While similar experiments on other vegetables have not yet been publicized, it is logical to assume that their values, too, will increase when they are sprouted.
Alfalfa, mung, lentil, wheat, rye, triticale, sesame seeds, sunflower seeds, raw peanuts, garbanzo beans and soybeans all sprout deliciously and bless you with fantastic nutrients. Get seeds from food stores, not from garden suppliers where seeds are frequently treated with fungicides.
Lecithin granules. Lecithin is a natural emulsifier. By keeping cholesterol circulating happily, it helps prevent the formation of clots in the arteries, thus giving you much better odds against atherosclerosis. Recent research reveals that lecithin increases by a factor of three the amount of cholesterol that can be dissolved in bile salts, the vehicle by which the body rids itself of excess cholesterol.
MIT scientists have determined that lecithin in the diet improves memory and actually can make one “smarter” by manufacturing acetylcholine, which helps the brain transmit nerve signals.
Lecithin granules and capsules are available at health-food stores. Food sources include brewer’s yeast, legumes, fish and wheat germ. Because lecithin is high in phosphorous, more calcium is needed to keep the proper balance. Sesame seeds, dry milk powder, green leafy vegetables and the bones found in canned salmon and sardines are good sources of calcium.
Beans, beans, beans. Use all kinds, especially soybeans. Most beans require presoaking. Exceptions are lentils, split peas and mung beans. Keep a tray of soybeans in water in your freezer and you will always have presoaked beans ready to go into your soup, stew or casserole. Unlike most beans, soybeans are not starchy. Because of their high protein content, they may be served occasionally as a substitute for meat or eggs. Serve them with a grain, like brown rice or bulgur, and you will enjoy a biologically complete protein.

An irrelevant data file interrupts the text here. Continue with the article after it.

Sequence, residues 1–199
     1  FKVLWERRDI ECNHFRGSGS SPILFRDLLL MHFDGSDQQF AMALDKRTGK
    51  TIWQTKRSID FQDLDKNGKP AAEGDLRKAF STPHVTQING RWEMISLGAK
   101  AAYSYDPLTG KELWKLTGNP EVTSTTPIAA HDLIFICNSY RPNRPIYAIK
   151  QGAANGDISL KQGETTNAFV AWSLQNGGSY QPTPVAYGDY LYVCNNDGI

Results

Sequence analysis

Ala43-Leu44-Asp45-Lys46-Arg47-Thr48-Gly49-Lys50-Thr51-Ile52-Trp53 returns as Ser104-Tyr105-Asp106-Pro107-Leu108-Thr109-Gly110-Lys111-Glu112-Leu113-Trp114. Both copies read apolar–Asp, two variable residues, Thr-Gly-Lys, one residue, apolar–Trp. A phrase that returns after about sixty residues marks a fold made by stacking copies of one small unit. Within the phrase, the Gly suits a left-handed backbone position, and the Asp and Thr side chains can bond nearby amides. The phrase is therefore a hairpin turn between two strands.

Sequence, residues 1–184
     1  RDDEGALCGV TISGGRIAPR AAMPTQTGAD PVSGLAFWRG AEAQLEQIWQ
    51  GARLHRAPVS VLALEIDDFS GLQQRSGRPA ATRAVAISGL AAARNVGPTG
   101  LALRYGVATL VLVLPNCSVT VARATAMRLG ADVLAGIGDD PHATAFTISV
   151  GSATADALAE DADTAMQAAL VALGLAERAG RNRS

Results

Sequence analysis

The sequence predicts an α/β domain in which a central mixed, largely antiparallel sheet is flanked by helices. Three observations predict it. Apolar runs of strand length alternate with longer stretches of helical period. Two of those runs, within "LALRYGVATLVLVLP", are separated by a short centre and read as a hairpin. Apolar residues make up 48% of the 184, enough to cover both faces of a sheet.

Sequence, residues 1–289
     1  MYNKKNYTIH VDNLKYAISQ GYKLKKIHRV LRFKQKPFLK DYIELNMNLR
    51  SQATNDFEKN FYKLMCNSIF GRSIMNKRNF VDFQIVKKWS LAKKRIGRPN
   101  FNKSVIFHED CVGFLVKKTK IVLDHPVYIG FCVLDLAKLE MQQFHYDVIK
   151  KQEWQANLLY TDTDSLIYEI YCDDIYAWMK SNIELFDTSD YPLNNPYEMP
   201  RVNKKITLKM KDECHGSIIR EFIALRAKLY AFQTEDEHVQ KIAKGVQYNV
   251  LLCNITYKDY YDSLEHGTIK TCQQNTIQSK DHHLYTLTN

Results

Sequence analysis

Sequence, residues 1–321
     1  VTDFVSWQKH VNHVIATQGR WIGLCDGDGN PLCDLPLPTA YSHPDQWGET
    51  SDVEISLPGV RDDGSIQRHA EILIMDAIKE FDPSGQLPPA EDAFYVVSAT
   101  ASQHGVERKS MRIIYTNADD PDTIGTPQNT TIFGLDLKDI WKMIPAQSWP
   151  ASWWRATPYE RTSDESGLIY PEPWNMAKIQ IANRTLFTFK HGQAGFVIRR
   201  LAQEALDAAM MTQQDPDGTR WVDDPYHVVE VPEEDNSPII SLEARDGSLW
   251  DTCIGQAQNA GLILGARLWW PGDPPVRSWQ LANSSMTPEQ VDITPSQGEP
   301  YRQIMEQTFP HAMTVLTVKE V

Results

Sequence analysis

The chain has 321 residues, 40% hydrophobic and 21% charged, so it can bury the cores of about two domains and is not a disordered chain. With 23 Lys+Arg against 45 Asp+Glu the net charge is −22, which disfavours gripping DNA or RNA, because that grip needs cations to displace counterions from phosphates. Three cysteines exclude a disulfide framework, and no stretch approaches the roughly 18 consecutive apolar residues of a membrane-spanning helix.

Grains. Buckwheat, millet, whole barley, brown rice, bulgur, cracked wheat and oats are all good sources of nutrients and fiber, which combine with beans to provide a complete protein. (Vegetarians, take note.)
Molasses. Get the kind that is unsulphured, preferably blackstrap. Use as a sweetener instead of honey, or half-and-half with honey, until your family gets accustomed to its strong taste. It’s a terrific source of iron and a good source of calcium, potassium and B vitamins. Put a teaspoon in a cup of hot water for a caffeine-free “coffee” that gives you a lift and no letdown.
Arrowroot powder. This natural thickening agent, a source of protein and trace minerals, is derived from the roots of plants that pull minerals from the soil. It is a much more natural and nutritious food than cornstarch, which is highly processed.
Baking powder. Buy the kind that is aluminum- and sodium-free. You’ll find it at natural food stores, or make your own. To make your own baking powder, combine 1/4 teaspoon baking soda with 1/2 teaspoon cream of tartar. This will give you the rising action of 1 teaspoon commercial baking powder.
Adapted from The Antioxidant Save-Your-Life Cookbook by Jane Kinderlehrer and Daniel A. Kinderlehrer, M.D.; copyright 2000 . Reprinted by permission of Newmarket Press, 18 E. 48th St., New York, NY 10017; www.newmarketpress.com .